Friday, December 15, 2006
What Does Eliminativism Claim?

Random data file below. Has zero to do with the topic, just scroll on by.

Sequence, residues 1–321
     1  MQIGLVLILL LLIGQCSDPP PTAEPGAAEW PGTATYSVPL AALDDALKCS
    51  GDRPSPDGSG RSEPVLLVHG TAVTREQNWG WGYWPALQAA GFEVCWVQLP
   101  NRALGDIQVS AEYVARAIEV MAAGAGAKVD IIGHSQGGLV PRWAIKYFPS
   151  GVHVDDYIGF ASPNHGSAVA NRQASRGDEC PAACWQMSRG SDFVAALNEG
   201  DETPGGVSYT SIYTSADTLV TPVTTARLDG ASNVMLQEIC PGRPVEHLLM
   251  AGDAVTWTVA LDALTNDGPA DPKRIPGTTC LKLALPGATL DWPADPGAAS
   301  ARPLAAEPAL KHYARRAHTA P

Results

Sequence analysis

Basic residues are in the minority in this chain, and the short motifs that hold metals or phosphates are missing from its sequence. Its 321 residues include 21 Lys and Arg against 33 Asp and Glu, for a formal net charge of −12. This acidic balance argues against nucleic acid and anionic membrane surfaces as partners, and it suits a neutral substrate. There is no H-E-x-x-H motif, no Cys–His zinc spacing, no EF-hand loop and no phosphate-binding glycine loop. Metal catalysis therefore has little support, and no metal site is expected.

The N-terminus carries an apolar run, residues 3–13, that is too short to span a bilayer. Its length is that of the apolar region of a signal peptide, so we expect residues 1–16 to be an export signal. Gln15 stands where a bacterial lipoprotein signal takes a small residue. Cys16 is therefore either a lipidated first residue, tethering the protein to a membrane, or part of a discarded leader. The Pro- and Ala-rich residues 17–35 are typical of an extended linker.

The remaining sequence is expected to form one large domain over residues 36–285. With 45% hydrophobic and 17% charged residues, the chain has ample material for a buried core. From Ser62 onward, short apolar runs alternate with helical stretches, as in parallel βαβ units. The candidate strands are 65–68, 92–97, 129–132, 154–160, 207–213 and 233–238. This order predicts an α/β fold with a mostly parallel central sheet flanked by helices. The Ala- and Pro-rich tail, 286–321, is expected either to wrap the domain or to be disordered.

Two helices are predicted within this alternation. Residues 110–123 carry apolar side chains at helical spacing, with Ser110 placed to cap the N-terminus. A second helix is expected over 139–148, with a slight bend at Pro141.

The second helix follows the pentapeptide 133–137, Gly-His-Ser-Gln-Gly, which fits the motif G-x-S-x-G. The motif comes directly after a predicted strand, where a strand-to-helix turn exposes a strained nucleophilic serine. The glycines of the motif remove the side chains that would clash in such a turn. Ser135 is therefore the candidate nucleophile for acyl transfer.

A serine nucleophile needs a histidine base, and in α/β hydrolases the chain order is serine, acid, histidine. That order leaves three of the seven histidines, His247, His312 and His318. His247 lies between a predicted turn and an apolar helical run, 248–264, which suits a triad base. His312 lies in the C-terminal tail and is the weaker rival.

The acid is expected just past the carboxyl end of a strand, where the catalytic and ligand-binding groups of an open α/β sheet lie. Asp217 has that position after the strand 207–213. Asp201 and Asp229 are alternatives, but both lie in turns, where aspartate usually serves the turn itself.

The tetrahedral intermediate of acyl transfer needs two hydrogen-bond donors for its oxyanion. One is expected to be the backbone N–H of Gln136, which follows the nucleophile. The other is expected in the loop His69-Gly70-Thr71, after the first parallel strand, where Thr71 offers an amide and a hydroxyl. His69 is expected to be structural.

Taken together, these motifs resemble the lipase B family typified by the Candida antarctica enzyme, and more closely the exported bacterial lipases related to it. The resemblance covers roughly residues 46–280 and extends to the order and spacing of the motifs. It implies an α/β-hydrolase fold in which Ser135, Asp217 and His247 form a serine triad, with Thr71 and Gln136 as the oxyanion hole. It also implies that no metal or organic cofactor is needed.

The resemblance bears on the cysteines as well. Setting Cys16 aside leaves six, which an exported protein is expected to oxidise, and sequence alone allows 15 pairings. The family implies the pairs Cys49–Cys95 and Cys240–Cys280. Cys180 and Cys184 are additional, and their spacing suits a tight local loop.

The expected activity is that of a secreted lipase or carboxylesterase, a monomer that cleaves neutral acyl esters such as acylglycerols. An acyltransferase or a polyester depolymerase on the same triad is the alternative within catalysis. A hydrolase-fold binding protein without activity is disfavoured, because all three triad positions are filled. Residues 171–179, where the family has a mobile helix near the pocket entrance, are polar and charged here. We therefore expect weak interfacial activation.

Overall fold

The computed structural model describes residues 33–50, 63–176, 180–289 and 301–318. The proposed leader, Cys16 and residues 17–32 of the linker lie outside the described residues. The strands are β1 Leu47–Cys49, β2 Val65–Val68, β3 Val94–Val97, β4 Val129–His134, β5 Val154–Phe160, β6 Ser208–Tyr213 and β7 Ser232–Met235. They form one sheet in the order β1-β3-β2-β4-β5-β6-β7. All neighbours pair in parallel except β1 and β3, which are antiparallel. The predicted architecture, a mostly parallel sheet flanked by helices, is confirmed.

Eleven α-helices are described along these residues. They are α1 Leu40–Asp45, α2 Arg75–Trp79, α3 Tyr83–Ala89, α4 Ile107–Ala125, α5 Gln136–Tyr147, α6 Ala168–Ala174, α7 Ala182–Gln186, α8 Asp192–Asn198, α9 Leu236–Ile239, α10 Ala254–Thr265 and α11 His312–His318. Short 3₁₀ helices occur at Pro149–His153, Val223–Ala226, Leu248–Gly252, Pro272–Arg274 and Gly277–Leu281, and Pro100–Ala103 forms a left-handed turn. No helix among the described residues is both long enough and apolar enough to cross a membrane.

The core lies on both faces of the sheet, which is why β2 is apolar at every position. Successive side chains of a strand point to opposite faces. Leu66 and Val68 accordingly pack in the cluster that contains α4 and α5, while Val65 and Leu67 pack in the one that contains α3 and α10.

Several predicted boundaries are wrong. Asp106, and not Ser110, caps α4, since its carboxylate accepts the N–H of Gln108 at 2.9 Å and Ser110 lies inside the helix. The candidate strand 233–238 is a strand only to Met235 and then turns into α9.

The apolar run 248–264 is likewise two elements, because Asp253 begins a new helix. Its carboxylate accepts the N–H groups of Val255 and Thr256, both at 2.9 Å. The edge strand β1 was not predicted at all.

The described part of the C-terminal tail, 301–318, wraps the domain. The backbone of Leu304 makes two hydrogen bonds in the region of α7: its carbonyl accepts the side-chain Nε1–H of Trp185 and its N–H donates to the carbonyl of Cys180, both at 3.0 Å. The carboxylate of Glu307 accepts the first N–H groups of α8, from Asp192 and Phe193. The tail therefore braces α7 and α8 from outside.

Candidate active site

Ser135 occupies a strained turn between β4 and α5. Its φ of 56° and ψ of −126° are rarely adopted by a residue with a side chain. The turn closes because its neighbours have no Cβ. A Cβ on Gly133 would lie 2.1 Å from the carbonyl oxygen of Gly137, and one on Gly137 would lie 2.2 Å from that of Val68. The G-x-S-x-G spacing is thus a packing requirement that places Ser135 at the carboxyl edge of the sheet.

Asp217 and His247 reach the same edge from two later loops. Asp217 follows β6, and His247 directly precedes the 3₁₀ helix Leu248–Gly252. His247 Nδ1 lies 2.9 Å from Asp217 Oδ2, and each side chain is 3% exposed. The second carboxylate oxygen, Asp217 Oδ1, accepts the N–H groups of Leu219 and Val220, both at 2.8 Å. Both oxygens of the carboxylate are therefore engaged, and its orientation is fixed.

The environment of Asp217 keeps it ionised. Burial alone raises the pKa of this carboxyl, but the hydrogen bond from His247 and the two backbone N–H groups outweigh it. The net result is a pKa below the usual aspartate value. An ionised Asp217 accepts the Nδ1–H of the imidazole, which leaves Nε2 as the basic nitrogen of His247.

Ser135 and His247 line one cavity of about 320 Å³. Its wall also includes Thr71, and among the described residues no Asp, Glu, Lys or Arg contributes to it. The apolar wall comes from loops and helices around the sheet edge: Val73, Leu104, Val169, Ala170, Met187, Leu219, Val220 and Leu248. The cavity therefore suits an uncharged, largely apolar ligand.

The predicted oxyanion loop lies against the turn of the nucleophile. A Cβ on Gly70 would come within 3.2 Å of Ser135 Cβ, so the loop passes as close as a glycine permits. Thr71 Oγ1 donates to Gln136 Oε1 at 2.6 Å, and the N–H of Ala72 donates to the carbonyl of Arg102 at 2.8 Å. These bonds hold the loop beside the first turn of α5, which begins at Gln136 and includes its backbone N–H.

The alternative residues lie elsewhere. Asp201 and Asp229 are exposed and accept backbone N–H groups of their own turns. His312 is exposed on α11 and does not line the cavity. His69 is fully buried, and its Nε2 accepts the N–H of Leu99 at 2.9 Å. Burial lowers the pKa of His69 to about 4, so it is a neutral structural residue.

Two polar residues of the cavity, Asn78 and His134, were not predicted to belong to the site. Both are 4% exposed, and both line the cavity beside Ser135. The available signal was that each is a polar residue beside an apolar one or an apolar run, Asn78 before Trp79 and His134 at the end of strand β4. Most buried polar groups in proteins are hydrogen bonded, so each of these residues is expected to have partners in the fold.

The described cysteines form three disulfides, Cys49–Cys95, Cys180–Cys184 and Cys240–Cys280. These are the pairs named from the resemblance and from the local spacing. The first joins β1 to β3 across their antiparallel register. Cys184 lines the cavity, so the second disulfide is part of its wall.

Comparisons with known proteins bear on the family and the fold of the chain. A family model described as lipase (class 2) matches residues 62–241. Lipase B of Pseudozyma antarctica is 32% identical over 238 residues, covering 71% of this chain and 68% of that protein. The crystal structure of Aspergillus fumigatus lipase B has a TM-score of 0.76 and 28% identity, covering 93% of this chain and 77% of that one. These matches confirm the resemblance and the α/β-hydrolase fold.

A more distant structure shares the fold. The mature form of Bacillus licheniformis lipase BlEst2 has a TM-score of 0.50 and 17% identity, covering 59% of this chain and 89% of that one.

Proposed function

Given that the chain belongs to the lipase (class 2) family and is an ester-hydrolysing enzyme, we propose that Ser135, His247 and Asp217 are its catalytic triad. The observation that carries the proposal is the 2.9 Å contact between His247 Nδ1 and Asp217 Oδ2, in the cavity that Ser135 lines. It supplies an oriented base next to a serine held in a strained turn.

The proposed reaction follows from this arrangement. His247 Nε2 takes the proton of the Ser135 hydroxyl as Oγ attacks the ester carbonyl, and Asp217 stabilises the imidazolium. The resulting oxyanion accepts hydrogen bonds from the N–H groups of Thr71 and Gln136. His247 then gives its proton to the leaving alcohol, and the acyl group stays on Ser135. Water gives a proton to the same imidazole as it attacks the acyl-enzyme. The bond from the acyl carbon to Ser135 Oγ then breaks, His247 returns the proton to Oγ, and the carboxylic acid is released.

The standard introductory argument for eliminativism, from Paul Churchland, is an argument from the history of science: some putative entities from older theories get reduced (Zeus's thunderbolts = electrical discharges), while others are eliminated (forget the clunky phlogiston example. The heavenly spheres don't survive modern astronomy. Students can at least get that). And so traditional (intentional, belief/desire) psychology is a theory, and subject to revision (thus "The Theory Theory"). So far eliminative materialism is not a theory of its own, it's an historical cautionary: don't just assume that the traditional categories of intentional states ("attitudes") will survive material analysis. But what is the idea here really? Either the idea is that there are some attitudes of the same kind as beliefs, desires, hopes, fears, etc., that will be eliminated in the light of neuroscience, maybe even some of those but not others. This I think is incoherent: surely the attitudes are kinds of behaviors? People aren't going to behave differently (at least not much) when neuroscience is more advanced; our understanding of the etiology of the behavior might be different. No, eliminativism is an all or nothing thing, and the thing is content itself. It may be that there is an alternative to the representational theory of mind. It may be that after a maturation of neuroscience we understand thought without attributing semantic properties to mental states (or to anything else) at all. That's the materialist intuition behind behaviorism, the one that persuaded Wittgenstein and Ryle. Mental content must be washed out of an authentically materialist psychology (and semantics must be washed out of an authentically materialist linguistics). The only coherent form of eliminativism is the claim that material analysis will eliminate intentionality altogether, not only as a problem for philosophy but as a phenomenon. And at that point, if it turns out that this kind of eliminativist materialism prevails, the traditional categories of belief/desire psychology will be: still standing, used just as they always have been.